The boy with the porcelain blade, Den Patrick (Erebus Sequence book 1) - it's been on my list for quite a while, and since I (hopefully) will meet him in Birmingham in July at the Jen thing, better read sooner than later

The crown tower, Michael J Sullivan (Riyria Chronicles book 1) - about time right? especially since I enjoyed Revelations so much

 :D
At home in the Fantasy Faction forum!

I'm "She Who Reigns Over Us All In Crimson Cheer", according to Peat!

Offline Lady Ty

  • Blessed River Lady and Defender of Baby Dragons
  • Ta'veren
  • **
  • Posts: 3533
  • Total likes: 3009
  • Gender: Female
  • So-Old-That-She-Can-Nearly-Be-Called-Oldest-Ty
Re: Miscellaneous Musings about Books
« Reply #802 on: June 04, 2016, 03:49:15 AM »
What an intriguing idea, but how frustrating for so many of us here as we'll never ever know what those books were like. Maybe life prolonging science will help before then and a few of us reading this will find out. Otherwise something to keep in memory somewhere and tell your kids or grandkids to look out for one day. Will be interesting to see who else is selected to add to this archive.

I sincerely hope that beautiful library does eventuate after 2114 and is enjoyed.


https://www.theguardian.com/books/2016/may/30/david-mitchell-buries-latest-manuscript-for-a-hundred-years
“This is the problem with even lesser demons. They come to your doorstep in velvet coats and polished shoes. They tip their hats and smile and demonstrate good table manners. They never show you their tails.” 
Leigh Bardugo, The Language of Thorns: Midnight Tales and Dangerous Magic

Offline Mr.J

  • Anus Dracula formerly known as Arse Demon and Writing Contest Regular
  • Writing Group
  • Gentleman Bastard
  • *****
  • Posts: 1652
  • Total likes: 1113
  • Gender: Male
  • Tweedy impertinence
Re: Miscellaneous Musings about Books
« Reply #803 on: June 04, 2016, 10:56:52 AM »
What an intriguing idea, but how frustrating for so many of us here as we'll never ever know what those books were like. Maybe life prolonging science will help before then and a few of us reading this will find out. Otherwise something to keep in memory somewhere and tell your kids or grandkids to look out for one day. Will be interesting to see who else is selected to add to this archive.

I sincerely hope that beautiful library does eventuate after 2114 and is enjoyed.


https://www.theguardian.com/books/2016/may/30/david-mitchell-buries-latest-manuscript-for-a-hundred-years
David Mitchell is exactly the sort of person I'd expect to do something like this. Didn't Neil Gaiman do something similar once? Or am I mis-remembering?

Offline ScarletBea

  • Welcome party and bringer of Cake. 2nd-in-Command of the Writing Contest
  • Administrator
  • Big Wee Hag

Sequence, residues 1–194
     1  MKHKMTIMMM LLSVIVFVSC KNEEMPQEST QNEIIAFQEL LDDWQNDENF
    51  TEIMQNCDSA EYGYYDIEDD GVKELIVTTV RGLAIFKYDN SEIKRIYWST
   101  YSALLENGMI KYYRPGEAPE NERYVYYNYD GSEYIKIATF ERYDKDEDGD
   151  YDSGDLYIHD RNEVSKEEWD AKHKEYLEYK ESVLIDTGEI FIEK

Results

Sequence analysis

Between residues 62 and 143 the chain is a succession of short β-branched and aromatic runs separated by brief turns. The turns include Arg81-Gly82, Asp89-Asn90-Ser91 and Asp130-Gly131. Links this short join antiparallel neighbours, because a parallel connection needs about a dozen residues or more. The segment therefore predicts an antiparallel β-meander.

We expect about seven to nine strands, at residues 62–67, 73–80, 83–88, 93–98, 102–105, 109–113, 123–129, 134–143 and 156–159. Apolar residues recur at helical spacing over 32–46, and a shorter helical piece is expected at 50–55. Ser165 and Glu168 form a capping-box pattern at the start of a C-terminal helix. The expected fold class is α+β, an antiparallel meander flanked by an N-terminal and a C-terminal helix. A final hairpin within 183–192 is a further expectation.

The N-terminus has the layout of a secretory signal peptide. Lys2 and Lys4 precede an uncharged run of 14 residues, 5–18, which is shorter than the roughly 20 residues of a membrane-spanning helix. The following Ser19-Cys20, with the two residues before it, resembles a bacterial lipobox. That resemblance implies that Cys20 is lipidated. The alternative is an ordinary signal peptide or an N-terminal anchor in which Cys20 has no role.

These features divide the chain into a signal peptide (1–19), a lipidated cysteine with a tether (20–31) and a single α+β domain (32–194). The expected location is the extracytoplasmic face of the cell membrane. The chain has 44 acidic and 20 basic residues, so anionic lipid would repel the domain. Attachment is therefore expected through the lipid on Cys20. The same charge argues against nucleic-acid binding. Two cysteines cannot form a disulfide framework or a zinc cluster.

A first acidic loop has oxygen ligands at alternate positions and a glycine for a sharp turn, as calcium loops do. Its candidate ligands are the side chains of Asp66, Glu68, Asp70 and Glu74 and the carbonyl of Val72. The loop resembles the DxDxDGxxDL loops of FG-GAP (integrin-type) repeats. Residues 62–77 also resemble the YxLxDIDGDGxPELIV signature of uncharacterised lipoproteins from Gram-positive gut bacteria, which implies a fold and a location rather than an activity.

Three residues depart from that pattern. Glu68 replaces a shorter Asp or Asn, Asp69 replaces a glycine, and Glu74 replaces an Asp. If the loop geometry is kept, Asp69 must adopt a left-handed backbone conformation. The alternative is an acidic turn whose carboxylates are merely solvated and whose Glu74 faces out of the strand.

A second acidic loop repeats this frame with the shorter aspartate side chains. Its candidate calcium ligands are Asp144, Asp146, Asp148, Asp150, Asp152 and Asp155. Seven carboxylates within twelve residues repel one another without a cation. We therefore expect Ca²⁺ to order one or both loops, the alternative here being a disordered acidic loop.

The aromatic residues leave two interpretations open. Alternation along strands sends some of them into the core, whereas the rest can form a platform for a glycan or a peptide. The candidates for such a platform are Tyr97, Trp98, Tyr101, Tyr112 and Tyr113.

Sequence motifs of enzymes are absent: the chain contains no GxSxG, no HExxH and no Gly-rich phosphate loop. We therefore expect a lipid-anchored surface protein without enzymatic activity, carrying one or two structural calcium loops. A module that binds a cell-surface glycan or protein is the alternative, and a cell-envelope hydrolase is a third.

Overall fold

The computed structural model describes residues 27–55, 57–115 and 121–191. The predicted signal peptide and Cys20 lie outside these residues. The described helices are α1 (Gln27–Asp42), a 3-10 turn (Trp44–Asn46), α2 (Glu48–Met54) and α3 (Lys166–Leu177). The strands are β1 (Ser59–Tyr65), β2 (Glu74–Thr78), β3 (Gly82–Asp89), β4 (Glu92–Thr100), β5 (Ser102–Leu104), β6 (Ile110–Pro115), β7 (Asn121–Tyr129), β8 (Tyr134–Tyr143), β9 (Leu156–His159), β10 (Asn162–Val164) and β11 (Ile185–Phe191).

• ***
  • Posts: 12625
  • Total likes: 7133
  • Gender: Female
  • Geeky Reading Introvert
    • LibraryThing profile
Re: Miscellaneous Musings about Books
« Reply #804 on: June 04, 2016, 06:49:19 PM »
Oh, and I bought another book, Rain Wild Chronicles 2 - now I have 1-3, and number 4 with the new cover comes out at the end of June, so right on time.
I'm also going to buy Newman's The Malice now.
I feel I'm building a nest for my hospital+recovery period hehe
At home in the Fantasy Faction forum!

I'm "She Who Reigns Over Us All In Crimson Cheer", according to Peat!

Offline Nighteyes

  • Juicy dwarf/orc erotica to go.
  • Ringbearer
  • *****
  • Posts: 6919
  • Total likes: 1547
  • OH WOW! JUST WORKED OUT HOW TO DO THIS!!!!!
Re: Miscellaneous Musings about Books
« Reply #805 on: June 04, 2016, 07:45:33 PM »
Oh, and I bought another book, Rain Wild Chronicles 2 - now I have 1-3, and number 4 with the new cover comes out at the end of June, so right on time.
I'm also going to buy Newman's The Malice now.
I feel I'm building a nest for my hospital+recovery period hehe

Gotta love a nest. I am building up graphic novels at the moment.Saga, Corto Maltese, Preacher and Grant Morrison's run on the X-Men.
The Real Powers That Be

Offline Mr.J

  • Anus Dracula formerly known as Arse Demon and Writing Contest Regular
  • Writing Group
  • Gentleman Bastard
  • *****
  • Posts: 1652
  • Total likes: 1113
  • Gender: Male
  • Tweedy impertinence
Re: Miscellaneous Musings about Books
« Reply #806 on: June 04, 2016, 07:49:06 PM »
Oh, and I bought another book, Rain Wild Chronicles 2 - now I have 1-3, and number 4 with the new cover comes out at the end of June, so right on time.
I'm also going to buy Newman's The Malice now.
I feel I'm building a nest for my hospital+recovery period hehe
An excellent idea I'd say + you can tell me what you thought of it. ;) I'm quite intrigued by that book.

Offline Lady Ty

  • Blessed River Lady and Defender of Baby Dragons
  • Ta'veren
  • **
  • Posts: 3533
  • Total likes: 3009
  • Gender: Female
  • So-Old-That-She-Can-Nearly-Be-Called-Oldest-Ty
Re: Miscellaneous Musings about Books
« Reply #807 on: June 05, 2016, 06:22:08 AM »

David Mitchell is exactly the sort of person I'd expect to do something like this. Didn't Neil Gaiman do something similar once? Or am I mis-remembering?

Don't know anything similar about Neil Gaiman, but maybe he will be included in  the future. Wish Iain Banks could have been around to write.

Who else should be included ?
“This is the problem with even lesser demons. They come to your doorstep in velvet coats and polished shoes. They tip their hats and smile and demonstrate good table manners. They never show you their tails.” 
Leigh Bardugo, The Language of Thorns: Midnight Tales and Dangerous Magic

Offline DrNefario

Re: Miscellaneous Musings about Books
« Reply #808 on: June 05, 2016, 10:28:03 AM »
Imagine having a brand-new HG Wells or Arthur Conan Doyle to read now.

Honestly, I don't find the idea that exciting.

In a hundred years, they'll surely have their own favourites to be thinking about. Or they'll be in motorcycle gangs battling it out in a radioactive desert. Either way I don't think they'll care much.

Offline Mr.J

  • Anus Dracula formerly known as Arse Demon and Writing Contest Regular
  • Writing Group
  • Gentleman Bastard
  • *****
  • Posts: 1652
  • Total likes: 1113
  • Gender: Male
  • Tweedy impertinence
Re: Miscellaneous Musings about Books
« Reply #809 on: June 25, 2016, 10:23:39 AM »
10th Anniversary Hardback Editions from Gollancz of The Lies of Locke Lamora, The Blade Itself, The Final Empire and The Stormcaller.




http://www.gollancz.co.uk/2016/06/cover-reveal-the-10th-anniversary-editions/